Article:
The Conservative Party has received nearly £1.5 million of donations from polluting interests and funders of climate science denial in the past three months, DeSmog analysis shows.
The gifts, published last week by the Electoral Commission, include £12,500 from London City Airport to the “1922 Committee” of backbench Tory MPs and £20,000 from a company that produces steel for North Sea oil rigs. The majority of the party’s donations came from the heavy machinery firm JCB, which has made two donations of £700,000 since the election.
The latest Register of MPs’ Interests shows Home Secretary Priti Patel was among those who received a total of £21,000 from current or past backers of the Global Warming Policy Foundation (GWPF), the UK’s principal climate science denial lobby group.
Responding to DeSmog’s analysis, Labour’s Shadow Minister for Energy and Climate Change, Alan Whitehead, said the findings cast doubt on the Conservative party’s commitment to its climate agenda. “Businesses rarely hand over money for no reason. The question for the Conservative Party is, what have these companies bought?” he asked.
JCB’s chairman Lord Bamford, a key financial backer of the Leave campaign, has given more than £5 million to the Conservatives since 2010. The UK government estimates that the construction industry influences almost 47 percent of the UK’s carbon dioxide emissions.
Vehicle import business International Motors donated £3,500 to the party. International Motors’ founder and chairman Lord Edmiston chairs the little-known Midlands Industrial Council, a group of Brexit-backing Tory party donors. OpenDemocracy revealed that members of the group, which also includes Lord Bamford, played a key role in providing targeted donations to Conservative candidates in many of the so-called “red wall” seats ahead of the election.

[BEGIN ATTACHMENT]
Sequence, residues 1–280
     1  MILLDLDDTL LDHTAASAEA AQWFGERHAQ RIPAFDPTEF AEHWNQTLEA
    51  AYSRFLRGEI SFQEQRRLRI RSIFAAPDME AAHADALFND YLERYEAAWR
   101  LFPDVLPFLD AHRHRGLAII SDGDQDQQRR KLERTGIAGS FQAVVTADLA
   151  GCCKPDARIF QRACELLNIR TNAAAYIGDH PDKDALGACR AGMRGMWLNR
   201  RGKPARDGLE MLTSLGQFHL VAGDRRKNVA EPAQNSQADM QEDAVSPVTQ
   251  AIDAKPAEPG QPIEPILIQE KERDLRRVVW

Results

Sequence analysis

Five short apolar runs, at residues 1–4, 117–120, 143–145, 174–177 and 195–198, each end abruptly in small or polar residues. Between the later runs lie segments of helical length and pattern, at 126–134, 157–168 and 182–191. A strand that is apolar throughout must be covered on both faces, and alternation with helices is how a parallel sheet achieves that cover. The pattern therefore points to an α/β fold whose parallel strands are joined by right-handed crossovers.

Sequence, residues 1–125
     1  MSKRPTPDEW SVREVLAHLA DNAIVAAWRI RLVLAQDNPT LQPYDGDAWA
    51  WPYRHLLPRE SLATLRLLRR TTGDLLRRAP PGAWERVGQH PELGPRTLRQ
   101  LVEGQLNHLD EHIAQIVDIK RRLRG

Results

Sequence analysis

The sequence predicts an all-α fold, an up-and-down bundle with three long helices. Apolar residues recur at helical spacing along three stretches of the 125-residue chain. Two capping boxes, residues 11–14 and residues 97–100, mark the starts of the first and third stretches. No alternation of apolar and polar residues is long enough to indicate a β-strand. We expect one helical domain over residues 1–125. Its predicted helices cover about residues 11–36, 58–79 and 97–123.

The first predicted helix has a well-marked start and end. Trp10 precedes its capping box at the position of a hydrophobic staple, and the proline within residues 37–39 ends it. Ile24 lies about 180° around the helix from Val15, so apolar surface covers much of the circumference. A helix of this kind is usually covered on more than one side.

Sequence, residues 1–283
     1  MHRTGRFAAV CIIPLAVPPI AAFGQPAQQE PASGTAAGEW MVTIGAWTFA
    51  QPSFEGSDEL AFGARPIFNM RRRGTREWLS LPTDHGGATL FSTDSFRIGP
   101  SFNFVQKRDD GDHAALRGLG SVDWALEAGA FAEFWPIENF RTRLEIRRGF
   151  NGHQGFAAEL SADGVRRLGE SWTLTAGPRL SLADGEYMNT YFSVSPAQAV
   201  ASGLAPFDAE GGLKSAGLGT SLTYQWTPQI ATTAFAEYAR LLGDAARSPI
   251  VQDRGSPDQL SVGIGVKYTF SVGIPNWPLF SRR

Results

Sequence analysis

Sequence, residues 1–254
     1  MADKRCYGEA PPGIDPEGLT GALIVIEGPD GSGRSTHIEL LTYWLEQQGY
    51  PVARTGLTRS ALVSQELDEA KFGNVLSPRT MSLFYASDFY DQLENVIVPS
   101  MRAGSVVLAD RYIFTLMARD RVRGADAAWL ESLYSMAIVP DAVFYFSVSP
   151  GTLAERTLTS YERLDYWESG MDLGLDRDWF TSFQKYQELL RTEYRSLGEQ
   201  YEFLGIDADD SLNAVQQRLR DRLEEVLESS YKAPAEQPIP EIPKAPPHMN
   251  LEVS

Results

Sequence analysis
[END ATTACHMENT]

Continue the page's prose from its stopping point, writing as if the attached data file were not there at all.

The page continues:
Oil industry supplier Offshore Group Newcastle has donated £20,000, despite apparently going into administration in 2017. The company has given a total of nearly £600,000 to the Conservatives since 2012. It has called for the government to provide greater support to UK companies in the North Sea.
Offshore Group Newcastle’s former director, Ukrainian energy tycoon Alexander Temerko, has also donated to numerous Tory MPs including Business Secretary and COP26 President Alok Sharma, former International Trade Secretary Liam Fox, International Trade Minister Conor Burns, and former Communities and Local Government Minister Andrew Percy, through his new company Aquind.
The company is building an electricity interconnector between the UK and mainland Europe, with the aim of creating more grid flexibility to cope with increasing levels of renewable energy, so these donations have not been included in this analysis.
Climate science denial funders
Both the central party and individual MPs have received a number of donations from known funders of climate science denial.
Hedge fund manager Sir Michael Hintze, one of the few known backers of the GWPF, has given £2,000-£3,000 each to five Tory MPs: Home Secretary Priti Patel, former Business Secretary Andrea Leadsom, former Defence Secretary and now Paymaster General Penny Mordaunt, former International Trade Minister Mark Garnier, and former Deputy Chairman of the Conservative Party Robert Halfon, a key figure in the anti-fuel duty Fair Fuel UK campaign. Hintze has given more than £4 million to the Conservatives since 2002, according to official figures, as well as £100,000 to the Vote Leave campaign.
Jesse Norman, Financial Secretary to the Treasury, has received donations from Neil Record and Edward Atkin, both GWPF funders. Record is chairman of the Global Warming Policy Forum, the campaign arm of the GWPF, as well as the libertarian Institute of Economic Affairs, which has received funding from oil giant BP.
Lee Rowley, who defeated pro-fracking Labour MP Natascha Engel in 2017 and has campaigned against shale gas extraction in his Derbyshire constituency, has also received £3,000 from Record.